Research Articles

Optimising the learning environment for undergraduate students in the Department of Family Medicine at Sefako Makgatho Health Sciences University

I. Govender, M. de Villiers
South African Family Practice | Vol 61, No 4 : July/August| a4952 | DOI: https://doi.org/10.4102/safp.v61i4.4952 | © 2019 I. Govender, M. de Villiers | This work is licensed under CC Attribution 4.0
Submitted: 28 October 2019 | Published: 04 September 2019

About the author(s)

I. Govender, Centre for Health Professions Education, Stellenbosch University; Sefako Makgatho Health Sciences University, South Africa
M. de Villiers, Centre for Health Professions Education, Stellenbosch University, South Africa

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Abstract

Background: An important determinant of a medical student’s behaviour and performance is the department’s teaching and learning environment. Evaluation of such an environment can explore methods to improve educational curricula and optimise the academic learning environment.
Aim: The aim is to evaluate the educational environment of undergraduate students in the Department of Family Medicine as perceived by students.
Setting: This descriptive quantitative study was conducted with one group of final-year students (n = 41) enrolled in 2018, with a response rate of 93% (n = 39). Students were in different training sites at SMU.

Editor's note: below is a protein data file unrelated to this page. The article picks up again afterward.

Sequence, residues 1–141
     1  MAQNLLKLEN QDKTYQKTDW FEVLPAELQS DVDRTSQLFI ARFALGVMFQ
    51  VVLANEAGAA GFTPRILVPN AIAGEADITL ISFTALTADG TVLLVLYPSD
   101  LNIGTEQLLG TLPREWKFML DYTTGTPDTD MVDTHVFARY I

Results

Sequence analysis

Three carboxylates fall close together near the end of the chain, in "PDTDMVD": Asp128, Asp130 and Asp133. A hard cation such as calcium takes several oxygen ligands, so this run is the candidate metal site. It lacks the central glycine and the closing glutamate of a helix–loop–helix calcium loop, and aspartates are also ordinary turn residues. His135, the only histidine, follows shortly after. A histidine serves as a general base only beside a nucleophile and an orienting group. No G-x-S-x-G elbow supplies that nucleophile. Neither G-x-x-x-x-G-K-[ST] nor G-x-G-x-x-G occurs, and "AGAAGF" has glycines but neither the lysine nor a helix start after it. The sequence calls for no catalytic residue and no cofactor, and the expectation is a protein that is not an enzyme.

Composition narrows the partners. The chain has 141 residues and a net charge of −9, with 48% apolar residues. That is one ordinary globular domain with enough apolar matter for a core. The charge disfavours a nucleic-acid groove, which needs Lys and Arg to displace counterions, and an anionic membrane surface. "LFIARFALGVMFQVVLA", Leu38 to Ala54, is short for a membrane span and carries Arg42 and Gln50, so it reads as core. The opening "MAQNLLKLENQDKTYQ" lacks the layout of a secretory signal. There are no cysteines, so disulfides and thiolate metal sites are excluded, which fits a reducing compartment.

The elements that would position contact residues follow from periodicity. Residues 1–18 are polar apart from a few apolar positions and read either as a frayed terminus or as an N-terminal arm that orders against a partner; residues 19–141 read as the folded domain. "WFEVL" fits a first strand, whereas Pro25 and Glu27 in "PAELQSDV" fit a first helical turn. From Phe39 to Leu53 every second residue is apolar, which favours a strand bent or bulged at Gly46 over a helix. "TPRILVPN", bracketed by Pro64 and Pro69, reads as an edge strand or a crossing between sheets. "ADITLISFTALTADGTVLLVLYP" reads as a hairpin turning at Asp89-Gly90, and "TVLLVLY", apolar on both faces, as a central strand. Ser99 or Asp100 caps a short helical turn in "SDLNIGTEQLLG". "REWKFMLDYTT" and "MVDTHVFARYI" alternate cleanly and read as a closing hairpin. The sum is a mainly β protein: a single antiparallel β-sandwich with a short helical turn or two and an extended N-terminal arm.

Methods: Data were collected using the Dundee Ready Educational Environmental Measure (DREEM) questionnaire. Total and mean scores for all questions were calculated.
Results: The learning environment was given a mean score of 142/200 by the students. Individual subscales show that ‘academic self-perception’ was rated the highest (25/32), while ‘social self-perception’ had the lowest score (13/24). Positive perception aspects of the academic climate included: student competence and confidence; student participation in class; constructive criticism provided; empathy in medical profession; and friendships created. Areas for improvement included: provision of good support systems for students; social life improvement; course coordinators being less authoritarian and more approachable; student-centred curriculum with less emphasis on factual learning and factual recall.
Conclusion: Students’ perceptions of their learning environment were more positive than negative. The areas of improvement will be used to draw lessons to optimise the curriculum and learning environment, improve administrative processes and develop student support mechanisms in order to improve students’ academic experience.


Keywords

DREEM questionnaire; health professional education; learning environment; student centred; student satisfaction

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